Swimming – What Are Its Health Benefits?

Swimming is a very popular activity with lifeguard class that has been mainly associated with the summer months. However, in addition to being a hobby for the beach, it is a very effective exercise with many benefits for the body.

Then we break down the main benefits of this particular form of exercise, so you know why it’s worth including in your exercise program.

Exercises the whole body

If you want to stay in shape and exercise your whole body properly, swimming is the best exercise. And this is because it activates all the muscles of the body almost without any burden on the joints. The trunk, hips, arms, shoulders and buttocks are exercised at the same time. In this way you give your body muscle strengthening and tightening.

You can choose between three swimming modes: freestyle, butterfly and backstroke. Freestyle trains the muscles of the back, chest, lats and lateral abdominals more. The butterfly works more on the chest, shoulders and rectus abdominis, while the supine especially trains the quadriceps and biceps femoris.

In addition to swimming, however, there are also simple exercises that you can do in the water that offer just as much strengthening, tightening and burning of fat as simple jumps with bent or stretched legs or walking and running against the direction of the water.

Improves the appearance of the skin

Swimming in sea water can improve skin health with lifeguard class. Sea salt is considered a natural blood purifier. It contains a large amount of vitamin C, which fights free radicals and magnesium which contributes to the action of antioxidants. Hence, sea salt is able to detoxify your skin cells properly and absorb all the dirt, dust and toxic materials from them. As it flushes out all the toxins from your body , sea salt makes the skin softer and healthier.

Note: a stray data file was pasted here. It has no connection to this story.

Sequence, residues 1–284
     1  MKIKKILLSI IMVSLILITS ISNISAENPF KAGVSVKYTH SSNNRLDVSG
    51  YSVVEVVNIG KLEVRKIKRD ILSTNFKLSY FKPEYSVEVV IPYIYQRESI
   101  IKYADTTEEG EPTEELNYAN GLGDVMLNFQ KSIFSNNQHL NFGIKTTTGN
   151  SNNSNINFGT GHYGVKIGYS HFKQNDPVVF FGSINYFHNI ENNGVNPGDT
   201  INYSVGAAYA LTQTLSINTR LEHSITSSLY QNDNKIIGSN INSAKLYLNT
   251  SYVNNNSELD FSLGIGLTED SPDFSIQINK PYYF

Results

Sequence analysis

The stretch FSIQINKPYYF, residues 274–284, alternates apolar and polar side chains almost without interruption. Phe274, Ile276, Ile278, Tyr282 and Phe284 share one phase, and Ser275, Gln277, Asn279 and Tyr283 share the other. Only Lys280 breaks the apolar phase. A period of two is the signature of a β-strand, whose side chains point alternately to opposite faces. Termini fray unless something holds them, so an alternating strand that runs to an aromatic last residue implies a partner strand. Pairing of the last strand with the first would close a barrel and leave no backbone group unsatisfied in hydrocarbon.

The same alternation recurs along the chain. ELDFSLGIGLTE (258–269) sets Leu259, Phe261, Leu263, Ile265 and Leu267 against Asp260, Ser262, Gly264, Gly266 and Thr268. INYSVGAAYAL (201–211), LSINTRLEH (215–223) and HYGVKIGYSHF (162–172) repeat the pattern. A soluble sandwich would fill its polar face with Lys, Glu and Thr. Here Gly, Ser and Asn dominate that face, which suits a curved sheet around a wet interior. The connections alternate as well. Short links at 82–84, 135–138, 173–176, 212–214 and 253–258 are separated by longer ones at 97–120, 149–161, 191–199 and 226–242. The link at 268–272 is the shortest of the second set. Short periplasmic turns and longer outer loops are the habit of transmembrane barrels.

Also, sea salt is rich in vital vitamins and minerals, which are required for the proper functioning of skin cells. These nutrients can improve cellular metabolism, keep tissues hydrated, enhance blood circulation on the surface of the skin and increase the strength of cell membranes.

Reduces joint pain

In relation to other aerobic forms of sports, swimming has the great advantage that it does not stress the body’s skeletal system at all. The secret lies in the buoyancy of the water, which pushes the body upwards. In this way, our weight is reduced to a very large extent. This means that the pool or the sea is the ideal place to fight muscle stiffness and joint pain, since the water itself helps us to exercise.

In short, swimming can work out the muscles while relieving arthritic pain.

It helps in losing weight

Swimming with lifeguard class contributes significantly to weight loss because it combines cardiovascular exercise and muscle strengthening. If you swim at a slow pace, you can burn up to 500 calories per hour, while if you are a serious swimmer and swim at a more intense pace, you can burn up to 700 calories per hour.

The reason you burn more calories is because water is about 800 times denser than air and creates resistance. But since swimming tests our endurance, it would be good to alternate swimming styles at very regular intervals. This results in the proper adaptations in the muscles, since the body, if it gets used to a certain rate of exercise for a long time, does not bring about the desired result.

Improves heart and lung function

Swimming also helps the heart and lungs to function well. Due to intense physical exercise, it creates variations in the shape of the left chamber of the heart, which, because it oscillates, carries more blood, rich in oxygen, to the rest of the body.

It helps to reduce stress

Another advantage of swimming lifeguard class is that apart from being an enjoyable activity, it is also relaxing. Repetitive movements, the fluid element and concentration on the breaths relieve stress and create a safe frame in which we can calm down.

In addition, exercise reduces levels of stress hormones and helps produce endorphins that stimulate the body.

Seawater, when heated (above 32°C, as in sea treatments applied for chronic diseases), needs about 10 to 15 minutes for its minerals and trace elements to penetrate our skin , meet the capillaries and then enter the bloodstream.

Also, gargling with seawater increases saliva production, balances the pH of the mouth, stimulates the gums and slows the growth of microbes.

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